By Zach Winn · January 26, 2017
Campus Safety recently attended an access control luncheon hosted by CGL Electronic Security in Westwood, Massachusetts.
Presenting at the event was S2 Security CEO and President John Moss.
Moss has been in the security industry for over 30 years, first entering the business when he created Software House (now owned by Tyco International) and later founding S2 Security in 2002.
In that time, Moss has been a strong innovative force in security systems technology, creating several major commercial products in the access control industry and beyond.
CS Senior Editor Zach Winn got a chance to sit down with Moss after his presentation, and below is a transcript of that talk that has been lightly edited for brevity and clarity.
Zach Winn: How are access control solutions different for K-12, college and hospital settings?
John Moss: In every institutional setting, your primary concern is basic access control and lockdown, and then active shooter is something all institutions train for. The challenge in hospitals in particular is that it’s a 24/7, continuous operation and it’s mission critical the whole time, so you can’t afford any downtime.
In the K-12 environment, the only people that are carrying the credentials are the staff members typically, but when you get to the university level, everyone’s carrying credentials because students need cards too. So there’s an administrative load that comes with that, because maintaining the population of credentials becomes a big administrative job. You’ll see a migration of ID credentials to mobile devices over a period of time, but that technology is not quite ready to be deployed yet. It’s just a little bit early, but we’re certainly experimenting with that.
ZW: What are your thoughts on the evolution of biometrics in access control?
JM: Any place that you need to be able to access quickly and move quickly, biometrics is going to be a problem. Where biometrics makes sense is a second factor in a multi-factor authentication situation, in settings where there isn’t a lot of traffic and personnel.
ZW: How do visitor management and remote lockdown capabilities in access control change things?
JM: There’s a little bit more training necessary. For instance, there’s a process we call threat leveling when you start by having a policy about how you’ll deal with various threats, then you have to design that policy into your systems and drill on it. You can’t just say, ‘There might be an active shooter one day, but people will do the right thing,’ because they won’t. So you need to have periodic drills on that stuff, which security didn’t always have to do. S2 has standard software that’s designed to have school or hospital emergency response policies put in it.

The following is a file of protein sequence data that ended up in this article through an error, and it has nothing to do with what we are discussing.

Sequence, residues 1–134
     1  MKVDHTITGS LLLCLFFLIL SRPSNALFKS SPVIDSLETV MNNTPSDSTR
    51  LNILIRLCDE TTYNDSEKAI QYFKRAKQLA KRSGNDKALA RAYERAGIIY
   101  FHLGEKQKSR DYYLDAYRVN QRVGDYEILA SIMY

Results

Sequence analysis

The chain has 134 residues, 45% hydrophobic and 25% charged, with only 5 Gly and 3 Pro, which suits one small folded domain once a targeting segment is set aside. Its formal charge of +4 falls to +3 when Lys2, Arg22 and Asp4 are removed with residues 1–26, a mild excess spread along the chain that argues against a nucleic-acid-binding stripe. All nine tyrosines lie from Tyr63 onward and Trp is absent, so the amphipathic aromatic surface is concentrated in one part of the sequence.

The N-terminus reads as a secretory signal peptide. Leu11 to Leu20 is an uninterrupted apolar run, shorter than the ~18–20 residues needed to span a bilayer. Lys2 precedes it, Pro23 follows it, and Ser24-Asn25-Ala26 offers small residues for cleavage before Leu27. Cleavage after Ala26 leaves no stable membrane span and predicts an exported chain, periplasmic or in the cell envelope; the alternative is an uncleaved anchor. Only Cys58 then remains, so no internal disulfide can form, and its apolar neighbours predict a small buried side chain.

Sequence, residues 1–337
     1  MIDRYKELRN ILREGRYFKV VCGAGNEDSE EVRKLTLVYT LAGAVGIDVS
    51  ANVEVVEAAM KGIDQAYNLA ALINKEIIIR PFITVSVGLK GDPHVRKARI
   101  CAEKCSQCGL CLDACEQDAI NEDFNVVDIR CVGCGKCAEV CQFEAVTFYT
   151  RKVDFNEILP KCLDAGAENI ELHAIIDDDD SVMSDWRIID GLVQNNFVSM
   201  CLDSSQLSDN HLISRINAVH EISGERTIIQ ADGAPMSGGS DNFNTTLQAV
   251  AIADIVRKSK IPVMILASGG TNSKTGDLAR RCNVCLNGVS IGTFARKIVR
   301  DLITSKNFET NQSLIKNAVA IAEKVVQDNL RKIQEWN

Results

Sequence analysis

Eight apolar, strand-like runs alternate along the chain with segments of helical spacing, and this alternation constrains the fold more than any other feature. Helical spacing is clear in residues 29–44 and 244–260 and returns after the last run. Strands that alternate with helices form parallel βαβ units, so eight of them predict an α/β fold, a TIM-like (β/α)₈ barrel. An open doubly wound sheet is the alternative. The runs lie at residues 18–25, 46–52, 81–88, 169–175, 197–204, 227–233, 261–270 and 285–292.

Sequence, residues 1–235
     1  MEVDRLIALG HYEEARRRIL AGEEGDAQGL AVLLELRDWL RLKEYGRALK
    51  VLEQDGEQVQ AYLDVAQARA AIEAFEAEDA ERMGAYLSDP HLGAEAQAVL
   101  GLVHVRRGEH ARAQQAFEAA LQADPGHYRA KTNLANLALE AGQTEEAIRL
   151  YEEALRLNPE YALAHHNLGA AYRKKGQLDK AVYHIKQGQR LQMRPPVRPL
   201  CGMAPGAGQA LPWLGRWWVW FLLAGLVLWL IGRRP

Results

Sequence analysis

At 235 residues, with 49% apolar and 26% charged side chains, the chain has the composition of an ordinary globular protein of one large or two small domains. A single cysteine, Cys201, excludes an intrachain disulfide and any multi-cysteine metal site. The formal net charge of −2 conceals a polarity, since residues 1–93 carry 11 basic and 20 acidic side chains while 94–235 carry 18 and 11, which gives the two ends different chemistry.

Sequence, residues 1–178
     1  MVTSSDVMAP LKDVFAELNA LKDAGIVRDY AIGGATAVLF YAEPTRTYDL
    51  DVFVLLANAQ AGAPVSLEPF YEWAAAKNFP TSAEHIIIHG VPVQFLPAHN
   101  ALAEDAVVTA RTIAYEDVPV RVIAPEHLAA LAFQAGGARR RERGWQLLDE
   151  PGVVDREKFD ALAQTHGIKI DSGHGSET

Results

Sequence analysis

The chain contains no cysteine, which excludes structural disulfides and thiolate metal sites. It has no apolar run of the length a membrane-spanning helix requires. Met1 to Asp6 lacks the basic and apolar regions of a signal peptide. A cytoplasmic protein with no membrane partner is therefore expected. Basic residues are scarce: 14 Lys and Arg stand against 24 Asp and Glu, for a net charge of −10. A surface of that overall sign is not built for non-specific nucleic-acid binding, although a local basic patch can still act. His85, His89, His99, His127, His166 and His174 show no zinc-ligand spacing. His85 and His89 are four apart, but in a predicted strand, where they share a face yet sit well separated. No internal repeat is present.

ZW: Do you have any advice for officials shopping for access control solutions?
JM: It depends on your size, but basically what we sell on an access control system is 10 or 15 percent of the overall cost. A lot of the cost is the installation.
The biggest mistake I see institutions make is specifying everything themselves. If you’re designing a building, you don’t sketch it yourself and tell the plumbers where to put the pipes. You need experts to be specifying stuff like that who are scientific about it. So when you’re considering a hundred-thousand dollar project, get an experienced system designer to design everything first and then implement. Get your requirements done professionally.
ZW: What are some wider trends in access control you’re expecting to see over the next five years?
JM: I think the big trend will be moving your servers into the cloud, although your panels will still be installed where they are today. Another trend is the integration with video to provide a more unified experience.
Then there will be a fair amount of attention paid to the cybersecurity aspect, because every one of these appliances that you install on a network is a potential risk factor. Not long ago we saw cameras that would come in from the Far East with exploits already on them, and then you’re installing them behind your firewall and it becomes the attack vector. I think that’s a part of networking that you sometimes don’t realize until it’s too late.
ZW: How does moving to the cloud change cybersecurity practices?
JM: You think it would change a lot but it really doesn’t. It actually may make things easier. Just because your server isn’t where you can see it doesn’t mean you can’t secure it, and if I can secure it in the cloud then it secures it from a lot of people all at once, which actually makes it more secure. It’s like e-commerce, where people don’t really worry about putting their credit card information into a website, even though that’s on the cloud, because it’s secure and there are standards to adhere to with all that.